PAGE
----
Minnesota's irrational, widely-loathed ban on liquor stores being open on Sundays is probably going to hang around for at least one more year.
Coming into this year's legislative session hopes were high with both Gov. Mark Dayton and House Speaker Kurt Daudt (R-Crown) on board for a full repeal, but that effort never got a hearing in either the House or Senate. See also: Meet the People Stopping You From Buying Beer on Sunday
One of the Legislature's strongest supporters of lifting the Sunday sales ban, Sen. Roger Reinert (D-Duluth), pinned the repeal effort's failure on the House.
"If the House did something, we were certainly ready to do something, but we've already had a full repeal hearing in the Senate before, and I wasn't going to ask my colleagues to do it again unless there was some indication it had traction in the House," he says.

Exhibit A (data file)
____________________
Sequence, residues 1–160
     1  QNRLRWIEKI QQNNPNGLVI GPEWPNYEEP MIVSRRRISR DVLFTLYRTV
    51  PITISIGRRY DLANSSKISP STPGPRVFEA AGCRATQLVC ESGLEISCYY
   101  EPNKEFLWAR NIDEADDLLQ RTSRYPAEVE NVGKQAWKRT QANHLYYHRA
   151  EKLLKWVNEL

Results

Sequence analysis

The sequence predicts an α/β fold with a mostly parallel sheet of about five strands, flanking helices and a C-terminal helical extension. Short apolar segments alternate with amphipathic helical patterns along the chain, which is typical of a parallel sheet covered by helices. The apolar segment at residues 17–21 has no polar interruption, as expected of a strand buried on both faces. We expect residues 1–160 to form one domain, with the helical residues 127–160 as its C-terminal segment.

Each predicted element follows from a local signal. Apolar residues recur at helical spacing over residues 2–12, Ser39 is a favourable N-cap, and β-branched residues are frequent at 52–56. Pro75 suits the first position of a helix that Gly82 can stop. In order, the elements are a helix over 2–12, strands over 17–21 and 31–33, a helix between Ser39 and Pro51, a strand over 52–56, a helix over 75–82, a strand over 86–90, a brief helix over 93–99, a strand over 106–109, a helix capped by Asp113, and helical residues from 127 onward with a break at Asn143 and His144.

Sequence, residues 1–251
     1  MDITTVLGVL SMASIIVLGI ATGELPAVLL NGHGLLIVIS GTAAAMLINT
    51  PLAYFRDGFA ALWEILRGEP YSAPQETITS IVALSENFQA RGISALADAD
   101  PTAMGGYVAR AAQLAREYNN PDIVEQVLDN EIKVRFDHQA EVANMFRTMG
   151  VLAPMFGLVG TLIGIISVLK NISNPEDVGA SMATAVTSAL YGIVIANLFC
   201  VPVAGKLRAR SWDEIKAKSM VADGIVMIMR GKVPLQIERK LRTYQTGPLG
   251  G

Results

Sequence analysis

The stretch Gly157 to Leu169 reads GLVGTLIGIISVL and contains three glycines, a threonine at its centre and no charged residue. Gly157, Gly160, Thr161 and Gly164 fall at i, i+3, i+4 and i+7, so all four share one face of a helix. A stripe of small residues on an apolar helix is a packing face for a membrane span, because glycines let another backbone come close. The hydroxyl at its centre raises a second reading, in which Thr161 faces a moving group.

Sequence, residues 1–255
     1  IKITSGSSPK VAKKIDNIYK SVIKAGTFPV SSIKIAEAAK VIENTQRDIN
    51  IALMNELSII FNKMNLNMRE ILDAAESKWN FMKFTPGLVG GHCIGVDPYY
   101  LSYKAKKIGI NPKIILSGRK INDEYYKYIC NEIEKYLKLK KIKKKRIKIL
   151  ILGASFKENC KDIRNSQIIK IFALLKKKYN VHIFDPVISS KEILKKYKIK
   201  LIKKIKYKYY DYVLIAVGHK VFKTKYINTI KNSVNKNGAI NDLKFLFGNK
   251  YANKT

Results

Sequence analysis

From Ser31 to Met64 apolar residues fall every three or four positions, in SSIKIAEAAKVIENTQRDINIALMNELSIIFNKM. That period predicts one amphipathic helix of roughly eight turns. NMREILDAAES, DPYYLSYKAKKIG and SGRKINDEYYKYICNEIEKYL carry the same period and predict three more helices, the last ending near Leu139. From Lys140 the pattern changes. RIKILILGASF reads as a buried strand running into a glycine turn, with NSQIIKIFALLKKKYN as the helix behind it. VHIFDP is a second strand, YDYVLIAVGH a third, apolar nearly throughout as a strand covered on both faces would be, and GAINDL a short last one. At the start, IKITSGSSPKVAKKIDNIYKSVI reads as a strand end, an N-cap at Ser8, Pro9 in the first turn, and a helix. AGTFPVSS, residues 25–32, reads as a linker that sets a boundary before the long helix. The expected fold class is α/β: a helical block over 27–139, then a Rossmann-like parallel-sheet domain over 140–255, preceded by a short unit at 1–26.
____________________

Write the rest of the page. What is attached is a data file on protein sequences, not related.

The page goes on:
Rep. Joe Hoppe (R-Chaska) and Sen. James Metzen (D-South St. Paul) chair the House and Senate Commerce committees, respectively, and they are ultimately responsible for not giving the bills hearings. Neither returned voicemails we left on Friday.
Metzen told WCCO last week he didn't see a big push for the repeal this year.
The full repeal could still come up for a vote as a floor amendment tacked on to the liquor bill at the last second, but Reinert says he doesn't support that tactic.
"Those floor amendments that get thrown out at the last minute without any organizing or strategy around them usually fail by overwhelming numbers, and then that becomes the story," he says. "I don't think that's accurate of where either of the bodies are actually at."
There is some good news for Sunday Funday enthusiasts. The so-called "Bloody Mary bill" allowing restaurants to serve liquor starting at 8 a.m. looks like it will pass, as will another bill allowing breweries to sell growlers on Sundays.
Reinert says smaller measures like those help chip away at the larger goal of a full repeal.
"[Supporters of the ban] know the ground if shifting, public opinion is not with them, and they're going to lose," he says. "They're just trying to figure out, I think, when and how they're going to lose."
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